5 Ivan Basso 1.26
6 Jan Ullrich 1.36
7 Carlos Sastre
8 George Hincapie 1.47
9 Andreas Kl�den 1.50
10 Floyd Landis (USA) Phonak Hearing Systems

ZABRISKIE!

stage1.z.jpg stage1.z.jpg stage1.z.jpg

keyhole.stage1.c.jpgThe opening stage may not matter too much in the long run in terms of time, but in terms of gamesmanship, it's all about showing who's on form and who's not. Riders often hold back on their performances in the races leading up to the Tour, relying on them for training instead. Armstrong, for example, rode the 2005 Tour de Georgia in support of Tom Danielson and he made no serious attempt at the win in the Dauphine. Ivan Basso hasn't been seen in a race since the Giro, so his condition was an even bigger unknown. A strong performance by one of the contenders, namely Armstrong, can easily demoralize the rest of the field and cause them to shift their goals. This year's Tour, in particular, offered a bigger chance than usual to make a big statement. While most Tours start with a short 5-10km prologue, where the end-of-day time gaps are small, this year starts with a mini time trial of 19km, which even allows for the chance the a rider could wear the yellow jersey from start to finish.

So what were today's statements?


photoThe opening time trial was a great win for American cycling: Dave Zabriskie, who started too early in the day to even be featured on TV, set a fast mark that most of the field couldn't even get within a minute of. One exception was Lance Armstrong, who finished two seconds back and at this point already looks set to win his seventh Tour de France. Zabriskie, while not contending for the overall, earned the special distinction of having won a stage in all three grand tours (Tour, Giro, Vuelta) -- all in the past year.

Ullrich started a minute ahead of Armstrong, but things stated to look bad for Armstrong's rival when the referee started pulling away Ullrich's support car to make room for Armstrong's advance. Armstrong caught sight of Ullrich around the first time check and then easily caught and passed him. Despite having the fastest time at the second time check, Armstrong wasn't able to win the stage, so he loses his chance at making history by wearing yellow from start to finish. However, Armstrong will go into Stage 2 with a 1'06" lead on Ullrich and a 1'24" on Basso. Although Ullrich ceded less time than Basso, it had to be the most demoralizing to him as he watched Armstrong easily zoom past him.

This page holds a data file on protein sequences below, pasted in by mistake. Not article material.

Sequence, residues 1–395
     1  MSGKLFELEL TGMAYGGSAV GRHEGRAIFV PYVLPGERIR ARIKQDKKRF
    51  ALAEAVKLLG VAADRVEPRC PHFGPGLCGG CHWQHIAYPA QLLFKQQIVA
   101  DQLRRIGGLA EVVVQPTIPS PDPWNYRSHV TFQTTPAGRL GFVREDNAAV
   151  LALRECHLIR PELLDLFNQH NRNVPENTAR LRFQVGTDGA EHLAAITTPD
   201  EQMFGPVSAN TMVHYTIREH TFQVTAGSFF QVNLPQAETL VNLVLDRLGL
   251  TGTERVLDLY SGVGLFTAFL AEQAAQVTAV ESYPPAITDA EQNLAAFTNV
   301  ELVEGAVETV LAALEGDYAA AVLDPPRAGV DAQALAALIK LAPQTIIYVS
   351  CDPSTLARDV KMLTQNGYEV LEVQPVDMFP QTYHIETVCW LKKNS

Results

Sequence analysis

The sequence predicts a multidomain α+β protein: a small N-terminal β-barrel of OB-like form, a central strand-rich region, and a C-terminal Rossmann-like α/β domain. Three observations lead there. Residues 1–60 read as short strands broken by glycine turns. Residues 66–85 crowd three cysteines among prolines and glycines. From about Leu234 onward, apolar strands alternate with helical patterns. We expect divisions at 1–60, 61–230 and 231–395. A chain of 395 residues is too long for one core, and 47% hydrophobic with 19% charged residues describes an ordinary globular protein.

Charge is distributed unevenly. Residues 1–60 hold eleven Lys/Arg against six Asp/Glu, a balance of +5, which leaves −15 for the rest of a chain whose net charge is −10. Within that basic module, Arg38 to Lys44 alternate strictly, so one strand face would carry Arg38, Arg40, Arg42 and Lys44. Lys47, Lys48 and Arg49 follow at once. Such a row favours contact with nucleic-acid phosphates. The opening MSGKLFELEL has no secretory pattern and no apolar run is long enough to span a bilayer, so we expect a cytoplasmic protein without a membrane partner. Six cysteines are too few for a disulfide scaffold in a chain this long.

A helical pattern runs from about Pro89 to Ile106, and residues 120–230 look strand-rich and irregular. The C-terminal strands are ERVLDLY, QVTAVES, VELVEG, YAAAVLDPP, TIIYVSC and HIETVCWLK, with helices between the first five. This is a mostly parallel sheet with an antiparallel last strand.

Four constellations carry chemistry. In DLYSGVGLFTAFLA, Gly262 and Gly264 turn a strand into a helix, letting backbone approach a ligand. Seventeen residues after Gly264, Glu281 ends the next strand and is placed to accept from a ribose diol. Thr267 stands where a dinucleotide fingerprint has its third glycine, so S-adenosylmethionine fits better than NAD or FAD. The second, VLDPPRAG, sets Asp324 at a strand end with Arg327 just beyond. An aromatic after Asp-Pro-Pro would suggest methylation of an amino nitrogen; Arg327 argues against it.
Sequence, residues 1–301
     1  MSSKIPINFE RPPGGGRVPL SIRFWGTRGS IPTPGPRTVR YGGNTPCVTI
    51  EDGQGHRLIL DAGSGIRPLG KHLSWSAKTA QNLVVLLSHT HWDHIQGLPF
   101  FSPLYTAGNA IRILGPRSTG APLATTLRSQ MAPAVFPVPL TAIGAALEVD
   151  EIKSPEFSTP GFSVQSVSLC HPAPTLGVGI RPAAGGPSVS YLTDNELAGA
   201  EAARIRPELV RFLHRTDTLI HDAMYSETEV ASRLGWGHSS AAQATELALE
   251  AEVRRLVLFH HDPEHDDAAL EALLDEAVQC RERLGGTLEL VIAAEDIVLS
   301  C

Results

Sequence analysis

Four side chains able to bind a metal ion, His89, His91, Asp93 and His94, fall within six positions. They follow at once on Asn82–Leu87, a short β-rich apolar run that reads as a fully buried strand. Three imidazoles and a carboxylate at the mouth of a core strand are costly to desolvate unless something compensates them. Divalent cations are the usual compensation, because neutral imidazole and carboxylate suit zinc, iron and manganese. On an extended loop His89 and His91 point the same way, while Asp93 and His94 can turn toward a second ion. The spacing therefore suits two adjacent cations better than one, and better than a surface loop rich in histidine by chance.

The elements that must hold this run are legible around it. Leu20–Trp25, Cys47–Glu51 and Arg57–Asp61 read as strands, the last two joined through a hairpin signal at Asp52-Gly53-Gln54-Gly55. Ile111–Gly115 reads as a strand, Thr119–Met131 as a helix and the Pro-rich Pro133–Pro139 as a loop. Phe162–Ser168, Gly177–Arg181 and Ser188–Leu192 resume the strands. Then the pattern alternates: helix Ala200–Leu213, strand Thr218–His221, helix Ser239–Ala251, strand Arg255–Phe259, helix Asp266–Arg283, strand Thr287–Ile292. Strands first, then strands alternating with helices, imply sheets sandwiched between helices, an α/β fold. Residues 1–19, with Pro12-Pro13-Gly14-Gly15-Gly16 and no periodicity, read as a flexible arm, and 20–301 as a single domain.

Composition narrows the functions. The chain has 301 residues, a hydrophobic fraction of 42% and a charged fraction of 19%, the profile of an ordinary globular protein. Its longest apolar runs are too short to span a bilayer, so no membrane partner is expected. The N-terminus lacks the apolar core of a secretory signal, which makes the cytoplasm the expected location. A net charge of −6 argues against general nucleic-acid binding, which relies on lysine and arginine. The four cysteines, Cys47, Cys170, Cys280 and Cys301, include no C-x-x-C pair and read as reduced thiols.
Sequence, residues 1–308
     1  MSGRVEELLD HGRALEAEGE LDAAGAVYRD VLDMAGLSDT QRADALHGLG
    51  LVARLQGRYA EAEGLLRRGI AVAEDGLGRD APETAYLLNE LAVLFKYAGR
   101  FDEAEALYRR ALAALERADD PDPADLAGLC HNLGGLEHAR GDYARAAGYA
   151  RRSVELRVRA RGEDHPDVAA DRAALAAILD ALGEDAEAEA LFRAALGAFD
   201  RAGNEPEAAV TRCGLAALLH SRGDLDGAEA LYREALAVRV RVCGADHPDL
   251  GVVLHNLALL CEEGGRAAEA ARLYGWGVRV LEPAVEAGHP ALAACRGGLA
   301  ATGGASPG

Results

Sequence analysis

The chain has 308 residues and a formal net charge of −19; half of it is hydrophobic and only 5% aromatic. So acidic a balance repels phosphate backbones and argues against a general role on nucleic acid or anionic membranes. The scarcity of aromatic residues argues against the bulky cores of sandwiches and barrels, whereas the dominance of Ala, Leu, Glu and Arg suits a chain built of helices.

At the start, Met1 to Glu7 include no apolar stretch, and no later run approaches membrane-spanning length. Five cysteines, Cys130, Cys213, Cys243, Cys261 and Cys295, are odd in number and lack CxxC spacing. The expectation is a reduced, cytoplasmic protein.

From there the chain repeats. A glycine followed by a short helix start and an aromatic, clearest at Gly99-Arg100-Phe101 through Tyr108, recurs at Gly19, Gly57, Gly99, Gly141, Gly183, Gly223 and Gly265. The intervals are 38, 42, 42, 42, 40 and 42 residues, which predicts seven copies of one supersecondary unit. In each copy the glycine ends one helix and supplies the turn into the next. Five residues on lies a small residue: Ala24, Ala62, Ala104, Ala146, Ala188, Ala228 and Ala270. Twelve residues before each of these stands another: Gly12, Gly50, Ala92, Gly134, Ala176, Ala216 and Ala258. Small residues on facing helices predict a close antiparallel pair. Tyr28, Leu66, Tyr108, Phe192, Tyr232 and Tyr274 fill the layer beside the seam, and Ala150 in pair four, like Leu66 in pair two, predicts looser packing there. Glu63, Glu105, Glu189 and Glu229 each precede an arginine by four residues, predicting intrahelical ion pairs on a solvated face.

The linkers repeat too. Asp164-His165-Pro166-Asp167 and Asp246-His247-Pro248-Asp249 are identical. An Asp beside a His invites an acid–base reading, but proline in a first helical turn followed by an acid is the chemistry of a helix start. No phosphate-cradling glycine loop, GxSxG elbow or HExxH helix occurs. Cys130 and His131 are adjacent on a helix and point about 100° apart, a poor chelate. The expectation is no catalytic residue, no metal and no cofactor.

Of Armstrong's big rivals, Vino looks the best at only 0'51" back. Given this performance, future stages may have Ullrich working for Vino.

Another American with a big day was George Hincapie. He stayed on form from his Dauphine time trial win and came in 4th, 0'57" back of Zabriskie. Discovery Channel overall did very well, with four riders finishing in the top 20 (even their 'climber' CheChu Rubiera). CSC also did well with four riders in the top 20, but their top man Basso was #20.

  1. Zabriskie David, CSC, USA
  2. Armstrong Lance, Discovery, USA 0'02"
  3. Vinokourov Alexandre, T-Mobile, KAZ 0'53"
  4. Hincapie George, Discovery, USA 0'57"
  5. Bodrogi Laszlo, Credit Agricole, HUN 0'59"

Stage profile and my live stage log from the stage are in the extended.

Prologue: Liege-Liege

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07-03-04.prologue profile

It was a good day for Armstrong, even if he didn't emerge victorious. He put 15' on Ullrich and 16' on Hamilton in the short, seven-minute prologue and finished a close second. (Side note: Phil Liggett, as much as I enjoy his commentary, never seems to know where the finish line is). He looked strong on his bike and I am encouraged at his prospects for this year.

Cancellara showed that he's the man to pull Petacchi towards the finish line. The young, emotional rider was a surprise name to see at the top of the standings, but he put in a strong ride.

Tour de France Stage 19: Pornic-Nantes

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stage profile

-- My Summary -- armstrong photoullrich photoThe stage is set for a dramatic stage today. Millar currently has the fastest time but has said that the last portion of the race should be neutralized as the conditions are glacial and not safe for Armstrong and Ullrich. There have certainly been several crashes already on the day with the road looking extremely slippery in the rain.

Checkpoint 1: Ullrich and Armstrong dead even at 15'41" (Ullrich has the fast time check overall)

armstrong ridingullrich riding25km to go: Armstrong appears to be gaining time on Ullrich with the overall gap at 1'07"

Approaching the second time check: Ullrich has now gained time on Armstrong and the gap is at 1'02"

Checkpoint 2: Ullrich (35'19") is 2 seconds ahead of Armstrong (35'21"). Ullrich still has the fastest time check

Hamilton finishes with the second fastest time so far at 54'14", 9 seconds behind David Millar

ullrich crashULLRICH DOWN! Going through the second half of the roundabout he slips his wheel (it didn't seem like he was taking it too steep) on slippery pavement and sparks fly up from the rear wheel. Ullrich's bike slides into the protective bales on the side of the road. Ullrich quickly gets up and is on his way again.

Armstrong comes through in the same area and manages to fishtail a bit while accelerating but it okay

Checkpoint 3: Ullrich has really lost his pace. He now slips into third behind Millar for the stage. Ullrich's 45'39" is 22" behind Millar. Armstrong seems to have slowed as well - he comes in at 45'29"

Mayo loses 2'02" to Hamilton at the finish line, HAMILTON IS NOW IN 5th PLACE IN THE GC

Zubeldia finishes but not fast enough -> HAMILTON IS NOW 4th PLACE IN THE GC

Vinokourov finishes and loses time to Hamilton, but still retains his third place overall in the GC